Step 2: Get your managers onboard
Share this article with your your management team to let them know the route you are currently on will not deliver the great results they are looking for. Show then the benefits that a performance management process built upon frequent feedback and coaching can have on employee engagement.
Step 3: Start tracking employee engagement
Benchmark your current levels of employee engagement using an eNPS survey. You can do this manually or use StaffCircle’s employee engagement software to conduct frequent pulse surveys to track engagement over time.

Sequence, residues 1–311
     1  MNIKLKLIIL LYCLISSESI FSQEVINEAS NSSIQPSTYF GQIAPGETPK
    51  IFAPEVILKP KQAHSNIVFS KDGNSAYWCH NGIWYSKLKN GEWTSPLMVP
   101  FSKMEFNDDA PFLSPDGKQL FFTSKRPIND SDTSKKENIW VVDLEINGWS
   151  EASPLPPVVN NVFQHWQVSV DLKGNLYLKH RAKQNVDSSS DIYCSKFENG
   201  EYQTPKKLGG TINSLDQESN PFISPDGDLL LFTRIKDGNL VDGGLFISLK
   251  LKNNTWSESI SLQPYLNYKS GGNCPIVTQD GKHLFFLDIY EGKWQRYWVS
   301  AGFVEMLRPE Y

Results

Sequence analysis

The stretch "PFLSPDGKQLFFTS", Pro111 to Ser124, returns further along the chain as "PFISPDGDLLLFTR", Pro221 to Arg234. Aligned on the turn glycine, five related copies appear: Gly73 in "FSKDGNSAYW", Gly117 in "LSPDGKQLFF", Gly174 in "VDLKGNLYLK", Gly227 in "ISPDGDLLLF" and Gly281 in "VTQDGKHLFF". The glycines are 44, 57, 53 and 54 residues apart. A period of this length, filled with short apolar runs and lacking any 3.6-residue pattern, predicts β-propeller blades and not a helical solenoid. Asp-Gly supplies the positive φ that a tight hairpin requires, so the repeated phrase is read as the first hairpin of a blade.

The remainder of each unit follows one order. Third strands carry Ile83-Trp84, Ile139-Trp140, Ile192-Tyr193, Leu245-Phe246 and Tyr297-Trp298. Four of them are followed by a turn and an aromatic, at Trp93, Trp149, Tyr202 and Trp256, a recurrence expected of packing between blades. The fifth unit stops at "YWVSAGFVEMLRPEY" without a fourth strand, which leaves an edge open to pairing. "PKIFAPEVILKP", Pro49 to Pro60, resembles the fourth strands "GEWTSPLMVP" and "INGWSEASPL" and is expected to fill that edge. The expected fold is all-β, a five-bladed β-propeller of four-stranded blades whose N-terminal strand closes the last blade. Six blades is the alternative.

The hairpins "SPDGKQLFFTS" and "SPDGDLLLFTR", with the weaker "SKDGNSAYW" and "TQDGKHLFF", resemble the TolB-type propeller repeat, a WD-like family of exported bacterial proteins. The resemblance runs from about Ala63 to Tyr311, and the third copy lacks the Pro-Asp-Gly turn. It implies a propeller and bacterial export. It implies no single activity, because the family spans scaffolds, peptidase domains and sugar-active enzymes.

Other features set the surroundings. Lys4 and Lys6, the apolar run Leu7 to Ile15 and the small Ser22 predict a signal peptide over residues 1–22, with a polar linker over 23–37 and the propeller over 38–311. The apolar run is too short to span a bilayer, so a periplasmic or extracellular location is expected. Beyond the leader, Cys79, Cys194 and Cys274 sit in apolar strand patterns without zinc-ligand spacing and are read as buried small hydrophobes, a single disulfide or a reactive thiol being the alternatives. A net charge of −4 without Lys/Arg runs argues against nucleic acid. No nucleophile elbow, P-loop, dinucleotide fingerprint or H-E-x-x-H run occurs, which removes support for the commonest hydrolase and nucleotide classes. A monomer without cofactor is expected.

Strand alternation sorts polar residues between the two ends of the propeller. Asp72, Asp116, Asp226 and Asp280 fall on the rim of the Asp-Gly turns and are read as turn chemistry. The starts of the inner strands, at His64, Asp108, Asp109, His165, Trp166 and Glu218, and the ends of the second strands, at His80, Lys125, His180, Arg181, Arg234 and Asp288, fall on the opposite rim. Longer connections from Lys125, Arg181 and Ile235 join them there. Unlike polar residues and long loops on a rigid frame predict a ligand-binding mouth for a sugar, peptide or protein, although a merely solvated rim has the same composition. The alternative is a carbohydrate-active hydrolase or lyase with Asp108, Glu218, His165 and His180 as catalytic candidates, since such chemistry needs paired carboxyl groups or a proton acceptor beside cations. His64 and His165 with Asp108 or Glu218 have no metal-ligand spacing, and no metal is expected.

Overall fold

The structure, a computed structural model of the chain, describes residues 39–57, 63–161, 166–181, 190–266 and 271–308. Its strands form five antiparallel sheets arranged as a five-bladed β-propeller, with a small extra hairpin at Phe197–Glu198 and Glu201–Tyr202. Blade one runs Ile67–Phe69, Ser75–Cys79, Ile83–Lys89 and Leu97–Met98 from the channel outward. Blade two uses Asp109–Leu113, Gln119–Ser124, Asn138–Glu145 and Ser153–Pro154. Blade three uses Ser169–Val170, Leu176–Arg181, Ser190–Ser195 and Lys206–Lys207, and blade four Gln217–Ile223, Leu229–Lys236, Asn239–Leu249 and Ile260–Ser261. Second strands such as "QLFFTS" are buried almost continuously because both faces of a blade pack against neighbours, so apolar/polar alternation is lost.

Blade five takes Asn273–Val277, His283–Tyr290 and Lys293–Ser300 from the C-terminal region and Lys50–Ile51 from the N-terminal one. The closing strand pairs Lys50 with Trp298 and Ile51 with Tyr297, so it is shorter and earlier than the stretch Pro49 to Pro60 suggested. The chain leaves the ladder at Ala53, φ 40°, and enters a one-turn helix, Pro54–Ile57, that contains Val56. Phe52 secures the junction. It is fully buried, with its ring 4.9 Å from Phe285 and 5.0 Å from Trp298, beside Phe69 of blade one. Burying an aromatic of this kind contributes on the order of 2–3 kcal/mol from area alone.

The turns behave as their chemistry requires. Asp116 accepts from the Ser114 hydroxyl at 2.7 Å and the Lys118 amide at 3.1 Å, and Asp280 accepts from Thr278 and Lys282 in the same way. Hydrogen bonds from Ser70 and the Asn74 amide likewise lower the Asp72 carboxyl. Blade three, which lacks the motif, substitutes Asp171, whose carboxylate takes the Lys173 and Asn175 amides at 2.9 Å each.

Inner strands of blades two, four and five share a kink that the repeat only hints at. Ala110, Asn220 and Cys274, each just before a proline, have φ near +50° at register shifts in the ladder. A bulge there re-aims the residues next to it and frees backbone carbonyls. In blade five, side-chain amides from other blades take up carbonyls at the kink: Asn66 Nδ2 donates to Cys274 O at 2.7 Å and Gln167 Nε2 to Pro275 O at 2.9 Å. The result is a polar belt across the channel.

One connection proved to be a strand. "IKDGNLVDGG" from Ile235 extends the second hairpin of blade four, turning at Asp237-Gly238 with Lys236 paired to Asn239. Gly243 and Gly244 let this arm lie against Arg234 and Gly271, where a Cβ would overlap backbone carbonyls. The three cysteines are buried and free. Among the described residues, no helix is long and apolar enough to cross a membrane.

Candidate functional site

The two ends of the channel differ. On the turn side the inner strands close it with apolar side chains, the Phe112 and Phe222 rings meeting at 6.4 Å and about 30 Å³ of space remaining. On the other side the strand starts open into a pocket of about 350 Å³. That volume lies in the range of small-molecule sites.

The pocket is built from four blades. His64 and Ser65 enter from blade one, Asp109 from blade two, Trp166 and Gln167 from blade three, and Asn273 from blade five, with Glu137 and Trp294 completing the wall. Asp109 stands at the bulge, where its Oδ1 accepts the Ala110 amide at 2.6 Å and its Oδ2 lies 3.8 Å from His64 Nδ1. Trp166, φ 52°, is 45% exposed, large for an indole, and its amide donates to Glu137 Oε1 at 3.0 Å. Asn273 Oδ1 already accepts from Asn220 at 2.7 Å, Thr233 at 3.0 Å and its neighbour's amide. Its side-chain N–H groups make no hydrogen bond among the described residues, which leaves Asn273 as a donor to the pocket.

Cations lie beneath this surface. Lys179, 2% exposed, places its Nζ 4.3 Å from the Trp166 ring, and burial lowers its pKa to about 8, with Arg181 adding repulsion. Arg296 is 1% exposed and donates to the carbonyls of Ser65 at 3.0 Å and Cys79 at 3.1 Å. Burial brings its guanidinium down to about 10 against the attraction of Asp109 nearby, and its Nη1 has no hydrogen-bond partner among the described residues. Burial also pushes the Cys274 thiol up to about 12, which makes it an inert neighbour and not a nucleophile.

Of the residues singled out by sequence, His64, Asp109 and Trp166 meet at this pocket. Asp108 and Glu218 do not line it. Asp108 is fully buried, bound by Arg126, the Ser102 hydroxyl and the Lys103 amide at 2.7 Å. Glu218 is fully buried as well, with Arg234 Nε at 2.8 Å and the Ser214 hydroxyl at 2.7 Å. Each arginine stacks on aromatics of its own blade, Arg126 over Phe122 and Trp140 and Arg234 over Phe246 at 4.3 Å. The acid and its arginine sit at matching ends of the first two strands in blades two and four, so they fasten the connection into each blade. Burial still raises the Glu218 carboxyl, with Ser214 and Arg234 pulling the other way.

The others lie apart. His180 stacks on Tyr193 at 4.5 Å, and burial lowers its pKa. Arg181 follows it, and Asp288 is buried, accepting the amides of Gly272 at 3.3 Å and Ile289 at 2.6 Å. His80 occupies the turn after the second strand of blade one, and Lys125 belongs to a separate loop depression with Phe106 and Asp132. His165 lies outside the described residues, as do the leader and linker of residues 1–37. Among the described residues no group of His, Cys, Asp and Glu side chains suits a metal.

Step 4: Communicate the new process to the team
Create a news article and send a company-wide announcement to inform all employees about the changes to the appraisal process. Make sure you include information on:
- what the change entails
- why the change is happening
- the benefits to the employees
- what is the time-frame for the change
- where to go for further information/related resources
Step 5: Implement!
Start having meaningful conversations that develop your workforce, provide a clear plan for career development, and smash the goals of your department.
How? Create a system that mixes the best of technology, such as performance management objective progress tracking and analytics dashboards, combined with templated coaching conversation scripts to guide the best quality developmental feedback process your managers can muster.